Canada: How a Bill Becomes a Law

Step 1: Legislation Introduced

Most legislation originates with the Government in the form of a policy proposal, submitted to the Cabinet by the Minister(s)

  1. If the Cabinet approves the policy proposal, the responsible Ministry issues drafting instructions to the Legislation Section of the Department of Justice.
  2. The Draft bill is prepared in two official languages and then approved by the responsible Minister and the Cabinet prior to being introduced in Parliament.

Step 2: First Reading

The Member or Minister performs a first reading in either the Senate or the House of Commons. At this point, the bill is printed and considered formally introduced and is given a number: C-# for House bills and S-# for Senate bills.

Step 3: Second Reading

The Second reading occurs in the same House of Parliament in which the bill was introduced. During this reading, the principle of the bill is debated. The motion for second reading may be amended in only 3 ways:

  1. A three or six months’ hoist, which seeks to postpone consideration of the bill for three or six months;
  2. A reasoned amendment, which requests that the House not give second reading to a bill for a specific reason; or
  3. A motion to refer the subject matter of the bill to a committee.

A Minister may also move that a bill be referred to a committee before second reading. This allows members of a committee to examine the principle of a bill before approval by the House and to propose amendments to alter its scope. The resultant next stage is a combination of the report stage and the second reading.

Step 4: Consideration in Committee

Once adopted, the Bill is referred to a legislative, standing, or special committee, or to the Committee of the Whole.

Committee Steps

  1. Consideration of the bill through a clause-by-clause study.
  2. Hearings may be helped in which witnesses and experts are summoned to provide the Committee with information and help in improving the bill.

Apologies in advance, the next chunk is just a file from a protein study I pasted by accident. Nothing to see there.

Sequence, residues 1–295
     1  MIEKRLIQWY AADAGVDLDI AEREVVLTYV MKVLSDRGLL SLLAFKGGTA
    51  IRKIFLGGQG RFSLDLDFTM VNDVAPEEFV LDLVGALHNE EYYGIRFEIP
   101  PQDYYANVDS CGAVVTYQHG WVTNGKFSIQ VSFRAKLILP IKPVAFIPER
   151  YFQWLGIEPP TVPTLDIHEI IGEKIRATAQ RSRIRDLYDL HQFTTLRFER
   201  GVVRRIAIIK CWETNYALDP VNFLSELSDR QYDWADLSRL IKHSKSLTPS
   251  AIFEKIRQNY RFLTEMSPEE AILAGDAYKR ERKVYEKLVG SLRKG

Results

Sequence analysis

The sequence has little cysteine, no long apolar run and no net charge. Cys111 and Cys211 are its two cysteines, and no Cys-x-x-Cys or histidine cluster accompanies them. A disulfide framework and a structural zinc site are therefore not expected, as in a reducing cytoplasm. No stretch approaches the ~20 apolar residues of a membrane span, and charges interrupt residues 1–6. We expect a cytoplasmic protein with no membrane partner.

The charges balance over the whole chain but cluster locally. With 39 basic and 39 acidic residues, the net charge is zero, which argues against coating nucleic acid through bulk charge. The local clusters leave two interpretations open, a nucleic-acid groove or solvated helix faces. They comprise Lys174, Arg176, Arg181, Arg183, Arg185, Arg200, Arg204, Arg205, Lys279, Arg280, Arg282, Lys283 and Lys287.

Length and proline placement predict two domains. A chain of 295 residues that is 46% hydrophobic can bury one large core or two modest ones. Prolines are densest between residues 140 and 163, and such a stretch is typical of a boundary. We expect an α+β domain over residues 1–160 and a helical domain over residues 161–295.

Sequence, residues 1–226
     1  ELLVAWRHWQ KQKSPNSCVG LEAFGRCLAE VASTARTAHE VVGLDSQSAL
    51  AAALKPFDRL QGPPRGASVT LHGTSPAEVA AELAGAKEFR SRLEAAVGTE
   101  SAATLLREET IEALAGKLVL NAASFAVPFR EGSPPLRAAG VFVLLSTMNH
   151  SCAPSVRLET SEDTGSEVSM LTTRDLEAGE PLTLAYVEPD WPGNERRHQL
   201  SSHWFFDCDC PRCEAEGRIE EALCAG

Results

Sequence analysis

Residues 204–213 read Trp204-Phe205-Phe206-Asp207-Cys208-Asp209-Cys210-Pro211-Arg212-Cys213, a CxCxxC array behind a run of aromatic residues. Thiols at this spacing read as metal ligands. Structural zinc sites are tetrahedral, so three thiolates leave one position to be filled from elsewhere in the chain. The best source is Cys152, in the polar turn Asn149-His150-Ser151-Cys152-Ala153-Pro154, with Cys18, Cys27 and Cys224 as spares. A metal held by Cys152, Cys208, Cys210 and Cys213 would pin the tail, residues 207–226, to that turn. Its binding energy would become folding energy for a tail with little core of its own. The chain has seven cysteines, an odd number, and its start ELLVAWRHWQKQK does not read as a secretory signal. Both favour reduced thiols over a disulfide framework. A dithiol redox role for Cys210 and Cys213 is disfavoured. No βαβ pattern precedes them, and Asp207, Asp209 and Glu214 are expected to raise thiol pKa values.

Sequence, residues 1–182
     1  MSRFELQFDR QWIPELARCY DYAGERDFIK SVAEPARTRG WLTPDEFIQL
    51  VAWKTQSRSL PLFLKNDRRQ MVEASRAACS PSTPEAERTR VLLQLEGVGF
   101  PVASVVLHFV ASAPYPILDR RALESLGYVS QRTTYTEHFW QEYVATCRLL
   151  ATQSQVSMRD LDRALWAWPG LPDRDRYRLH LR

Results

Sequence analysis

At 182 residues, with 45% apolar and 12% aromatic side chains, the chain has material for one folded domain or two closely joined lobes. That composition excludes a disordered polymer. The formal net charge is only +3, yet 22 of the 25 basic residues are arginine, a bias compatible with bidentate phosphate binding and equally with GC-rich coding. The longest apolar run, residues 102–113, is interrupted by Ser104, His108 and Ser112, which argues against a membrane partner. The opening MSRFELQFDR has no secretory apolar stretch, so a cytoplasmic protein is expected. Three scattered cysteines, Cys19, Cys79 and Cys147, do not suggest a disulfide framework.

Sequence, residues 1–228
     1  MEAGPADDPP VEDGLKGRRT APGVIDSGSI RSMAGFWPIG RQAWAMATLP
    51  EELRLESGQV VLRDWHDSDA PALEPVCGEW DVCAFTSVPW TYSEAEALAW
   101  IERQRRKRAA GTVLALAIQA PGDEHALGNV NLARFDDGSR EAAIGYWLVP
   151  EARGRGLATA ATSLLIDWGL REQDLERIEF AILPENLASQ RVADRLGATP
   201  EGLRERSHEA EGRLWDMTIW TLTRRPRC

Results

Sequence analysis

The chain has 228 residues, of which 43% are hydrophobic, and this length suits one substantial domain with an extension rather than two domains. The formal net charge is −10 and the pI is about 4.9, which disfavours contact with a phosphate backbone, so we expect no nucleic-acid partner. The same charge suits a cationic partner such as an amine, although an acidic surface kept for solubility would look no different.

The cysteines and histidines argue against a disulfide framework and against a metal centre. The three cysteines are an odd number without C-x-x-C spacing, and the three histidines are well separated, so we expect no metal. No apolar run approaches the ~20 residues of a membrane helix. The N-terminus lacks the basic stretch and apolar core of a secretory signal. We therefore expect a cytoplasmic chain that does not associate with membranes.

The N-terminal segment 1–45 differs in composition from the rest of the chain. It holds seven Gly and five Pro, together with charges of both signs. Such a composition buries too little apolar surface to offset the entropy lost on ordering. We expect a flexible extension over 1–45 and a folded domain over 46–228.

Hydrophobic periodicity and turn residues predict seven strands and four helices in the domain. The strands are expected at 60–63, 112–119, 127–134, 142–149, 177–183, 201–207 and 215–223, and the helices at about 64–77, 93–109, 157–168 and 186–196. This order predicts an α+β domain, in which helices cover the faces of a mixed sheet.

3. Each committee can hold a “mark-up” session during which it makes recommended revisions and additions.
  4. After the bill has reviewed and amended, committee staff prepare a written report explaining why they favor the bill, and what amendments were made (if any).
  5. The Committee provides this report to the House and the House considers the amendments proposed and votes for or against them.

Step 5: Third Reading

This reading is the last opportunity for the House to amend the bill. The House debates and votes on the final bill as amended and the bill is printed for the last time. Once the bill has been passed it is sent to the other House (i.e. if passed in the House, it is referred to the Senate) and the process starts again from the first reading.

Step 6: Conference Committee

If language within House and Senate bills differ, the House may elect to accept the Senate’s amendments. If the House does not agree with the Senate, it can adopt a motion stating the reason for disagreement. If the Senate wishes to alter the amendment, it sends a message back to the House, which then accepts or rejects the proposed changes.

If an agreement cannot be reached through this exchange, the Parliamentary House with possession of the bill can request a conference. The objective of the Conference Committee is to reach a compromise – which must be approved by both the House and the Senate. Although this practice is available, it has fallen into disuse.

Step 7: Royal Assent

After a bill has cleared both the House and Senate (in the same form), it is presented to the Governor General for assent. Royal assent refers to the method by which any constitutional monarch formally approves an act of his or her nation’s parliament, making it into law. The Governor General may assent the bill in the Queen’s name, withhold assent, or reserve assent.

Step 8: The Bill Becomes a Law

Once the Governor General gives a bill Royal Assent it becomes a law and is assigned an official Chapter number (i.e. Bill C-7 became Chapter 1 of the Statutes of Canada, 2000).